By Zhang Yun
On May 3, North Korean leader Kim Jong-un told visiting Chinese State Councilor and Foreign Minister Wang Yi that achieving denuclearization of the peninsula was the firm position of North Korea. Some Western media portrayed Wang's recent visit as a reflection of China's fear of being sidelined in the recent whirlwind of diplomatic dynamics among North Korea, South Korea and the US. That theory was not only shallow analysis, but misleading about the understanding and indispensability of China's role in the fundamental peaceful resolution of the Korean Peninsula impasse.
First, in the short term China serves as an indispensable stability guarantor for possible unsuccessful US-North Korea summit. Despite the unprecedented political encouragement of US President Donald Trump in agreeing to a direct meeting with Kim, the unpredictability of US domestic dynamics and the president's unconventional leadership style remind us of the necessity of preparing for a worst-case scenario.
The contrasting treatment of nuclear proliferation by the US highlights the inconsistency of its foreign policy. On the one hand, the Trump-Kim summit raises expectations for a permanent peace on the peninsula.
On the other, Trump is expected to pull the US out of the Iran nuclear agreement on May 12, breaking the Joint Comprehensive Plan of Action signed by Iran with China, France, Germany, Russia, Britain and the US in 2015: the rare successful result of painstaking, concerted diplomatic efforts by major powers.
The possible departure of the US from the Iran deal is occurring in the context of the International Atomic Energy Agency recognizing Iran's compliance with the agreement. North Korea is doubtlessly watching unfolding developments and uncertainties on the Iran deal very carefully. Events may supply disincentives. That is why Wang Yi emphasized in his visit China's position in support of North Korea's rightful and reasonable security concerns.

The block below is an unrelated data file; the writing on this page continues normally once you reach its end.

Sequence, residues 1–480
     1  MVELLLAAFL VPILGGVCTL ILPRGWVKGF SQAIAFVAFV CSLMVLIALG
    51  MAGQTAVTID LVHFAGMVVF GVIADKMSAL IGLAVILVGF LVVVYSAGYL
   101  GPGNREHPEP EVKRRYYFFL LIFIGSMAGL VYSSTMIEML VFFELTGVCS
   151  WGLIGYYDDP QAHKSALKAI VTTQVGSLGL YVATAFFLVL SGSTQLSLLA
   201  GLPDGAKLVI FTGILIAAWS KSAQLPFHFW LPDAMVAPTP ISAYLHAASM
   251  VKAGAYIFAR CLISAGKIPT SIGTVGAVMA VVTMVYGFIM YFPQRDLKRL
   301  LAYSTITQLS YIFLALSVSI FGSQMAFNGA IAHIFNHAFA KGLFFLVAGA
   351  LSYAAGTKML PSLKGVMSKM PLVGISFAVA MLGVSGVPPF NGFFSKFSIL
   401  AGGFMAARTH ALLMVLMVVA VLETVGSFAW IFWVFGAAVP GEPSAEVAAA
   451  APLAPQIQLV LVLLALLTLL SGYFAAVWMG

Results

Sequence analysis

Second, in the mid-term China will serve as an indispensable facilitator for a political and peaceful resolution of the peninsula issue. China was one of the three signatories to the 1953 Korean Armistice Agreement. Any exclusion of Chinese participation in the process of ending abnormalities on the Korean Peninsula would be unrealistic and impossible.
North Korea's final goal is the signing of a peace treaty and normalization of diplomatic relations with the US, perceived to be the key to removing its lingering external security threat. China shares this goal and has provided a pragmatic roadmap of simultaneous denuclearization and peace treaty negotiation. What North Korea is offering now is de facto echoing of the Chinese proposal.
Even if the US-North Korea summit goes well, the ensuing tough and detailed diplomatic negotiations might continue for years. In the process, uncertainties would not only come from the current popular suspicion in the West of North Korea's sincerity, but could also originate with US and South Korean domestic politics. Without consistent and firm Chinese support for a peace treaty, the momentum could fade when various distracting elements intrude into the process.
Third, in the long term China would serve as an indispensable companion in North Korea's smooth economic and social transition. The long-term stability of the peninsula fundamentally depends on the economic growth of North Korea. Due to decades of US economic sanctions, formal economic and political relations between the US and North Korea are negligible. For the US, the state of the North Korean economy is not the result of sanctions, but rather of gross mismanagement by decades of bad governance.
It is likely to be years before substantial changes in US economic sanctions on North Korea despite a successful Kim-Trump meeting. In this sense, China would naturally be the most important player to facilitate North Korea's economic transition and link it with the international community. It is the reason why Wang Yi expressed his firm support for North Korea focusing on economic construction.
The theory that China fears being marginalized is not well grounded. As a close neighbor to the peninsula, China has played and will continue to play a vital role. With balanced, skillful and sophisticated diplomacy toward North Korea, China will prove an indispensable player in the process of facilitating a sustained peace on the peninsula.
The author is associate professor, National Niigata University, Japan.